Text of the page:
Chinese New Year celebration

Chinese New Year Superstitions — Things You Must/Mustn't Do

Celebrate Chinese New YearLucky red, round Chinese New Year lanterns with lucky Chinese characters on are very popular.

In China people are becoming less superstitious, but Chinese people traditionally believe that the year's start affects the whole year, so the Chinese Spring Festival is a season of superstitions. It's believed that what something looks like (color, shape), and what its name sounds like, gives it auspicious or ill-fated properties.

The Luckiest Things to Do at Chinese New Year

  • Giving money/gifts in lucky numbers and lucky red packaging with lucky greetings.
  • Eating lucky food like fish on New Year's Eve, especially carp or catfish with some left over for New Year's Day.
  • Lighting lots of red firecrackers and fireworks to scare away evil and bring good luck.

The Unlucky Things to Do at Chinese New Year

  • Having an accident, especially if it means hospital visits, crying, and breakages: all bad omens.
  • Giving gifts with unlucky meanings, colors, words, or numbers, or even saying something inauspicious.
  • Sweeping up on New Year's Day: don't "sweep all your luck away".

See more on Chinese New Year Taboos.

Chinese New Year Foods (Most Have Lucky Meanings)

steamed fishFish is a must for the Chinese New Year reunion dinner.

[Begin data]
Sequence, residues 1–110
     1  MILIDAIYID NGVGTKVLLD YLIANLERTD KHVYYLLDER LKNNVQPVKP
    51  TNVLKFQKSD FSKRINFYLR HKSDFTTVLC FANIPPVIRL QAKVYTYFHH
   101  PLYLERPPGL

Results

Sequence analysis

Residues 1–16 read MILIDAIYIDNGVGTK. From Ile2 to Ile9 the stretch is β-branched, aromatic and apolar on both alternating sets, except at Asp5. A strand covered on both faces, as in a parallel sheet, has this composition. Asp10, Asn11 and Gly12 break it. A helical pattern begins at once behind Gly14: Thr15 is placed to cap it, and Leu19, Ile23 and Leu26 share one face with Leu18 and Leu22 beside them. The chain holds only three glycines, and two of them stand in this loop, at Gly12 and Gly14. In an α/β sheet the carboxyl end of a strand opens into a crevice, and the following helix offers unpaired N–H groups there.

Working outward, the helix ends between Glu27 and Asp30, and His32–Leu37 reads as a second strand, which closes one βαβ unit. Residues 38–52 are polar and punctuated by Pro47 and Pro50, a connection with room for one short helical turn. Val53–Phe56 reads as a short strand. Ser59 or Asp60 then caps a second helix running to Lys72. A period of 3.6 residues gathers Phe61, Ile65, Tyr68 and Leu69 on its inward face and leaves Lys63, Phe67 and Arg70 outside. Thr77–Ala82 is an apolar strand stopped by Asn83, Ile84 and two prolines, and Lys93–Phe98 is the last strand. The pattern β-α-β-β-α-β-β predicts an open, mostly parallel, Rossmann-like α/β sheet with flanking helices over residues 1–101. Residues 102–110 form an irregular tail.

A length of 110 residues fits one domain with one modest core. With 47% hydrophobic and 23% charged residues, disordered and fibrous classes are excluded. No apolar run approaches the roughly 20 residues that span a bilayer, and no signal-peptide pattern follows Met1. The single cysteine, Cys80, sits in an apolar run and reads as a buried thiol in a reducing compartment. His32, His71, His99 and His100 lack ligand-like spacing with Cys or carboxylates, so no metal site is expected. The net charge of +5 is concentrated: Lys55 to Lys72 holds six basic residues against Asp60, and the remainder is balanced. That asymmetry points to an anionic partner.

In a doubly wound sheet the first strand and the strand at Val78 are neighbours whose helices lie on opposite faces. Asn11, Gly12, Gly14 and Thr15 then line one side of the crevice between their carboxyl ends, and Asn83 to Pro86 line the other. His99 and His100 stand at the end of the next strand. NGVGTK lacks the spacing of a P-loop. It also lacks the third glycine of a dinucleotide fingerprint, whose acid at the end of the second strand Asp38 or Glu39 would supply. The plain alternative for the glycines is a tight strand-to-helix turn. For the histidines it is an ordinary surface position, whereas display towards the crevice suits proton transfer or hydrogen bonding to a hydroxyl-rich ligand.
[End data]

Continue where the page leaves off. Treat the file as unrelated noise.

Food for the New Year emphasizes lucky symbolic meanings such as fish, which sounds like the Chinese word for 'surplus'. These foods are eaten during the 16-day festive season, and particularly for the New Year's Eve family reunion dinner. 

The luckiest Chinese New Year foods (and their symbolic meanings) are: 

  • Fish (an increase in prosperity)
  • Chinese dumplings (great wealth)
  • Glutinous rice cake (a higher income or position)
Read more on 7 Lucky Chinese New Year Foods and The Top 11 Chinese New Year Desserts.

Chinese New Year Greetings

One of the most famous traditional greetings for Chinese New Year is the Cantonese kung hei fat choi, literally ‘greetings, become rich’. In Mandarin that’s gongxi facai /gong-sshee faa-tseye/.

Chinese New Year's History

wechat red envelopePreparing a WeChat red envelope.

The festival has a history of over 3,000 years. Celebrations on lunar New Year's Day can be dated back to the ancient worship of heaven and earth. Over the centuries new traditions were added and celebrations became more entertainment-orientated. Read more on Chinese New Year History.

In 1967 food was rationed, and there was no money! Greetings were full of Communist fervor. Now people eat out for Chinese New Year, send e-money, and greet with instant messages on WeChat (the most popular app in China). 

Chinese New Year Travel — Top Tips from Our Experts

chinese new year lion dance At Chinese New Year, you can see many things in China that you wouldn't normally, like lion dances.

The festive period is one of the best times of the year to interact with Chinese people, and experience the local culture. However, it is also the busiest time of the year on China's transportation network. So, you might want to avoid the transport stress or seek out China's New Year culture, or both...